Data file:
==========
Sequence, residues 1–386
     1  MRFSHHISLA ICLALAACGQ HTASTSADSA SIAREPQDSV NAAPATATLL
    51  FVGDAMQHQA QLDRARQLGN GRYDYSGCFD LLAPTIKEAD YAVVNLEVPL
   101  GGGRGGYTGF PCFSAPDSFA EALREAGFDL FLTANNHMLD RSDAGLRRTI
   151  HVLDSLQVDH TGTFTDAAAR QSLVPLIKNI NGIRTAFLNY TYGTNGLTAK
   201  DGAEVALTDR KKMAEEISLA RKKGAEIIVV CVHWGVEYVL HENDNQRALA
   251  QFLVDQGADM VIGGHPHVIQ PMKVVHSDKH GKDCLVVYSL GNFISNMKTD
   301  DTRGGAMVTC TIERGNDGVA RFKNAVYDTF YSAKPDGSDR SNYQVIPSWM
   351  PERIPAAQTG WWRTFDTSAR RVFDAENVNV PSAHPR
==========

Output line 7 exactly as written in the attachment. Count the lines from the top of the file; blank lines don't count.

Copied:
   251  QFLVDQGADM VIGGHPHVIQ PMKVVHSDKH GKDCLVVYSL GNFISNMKTD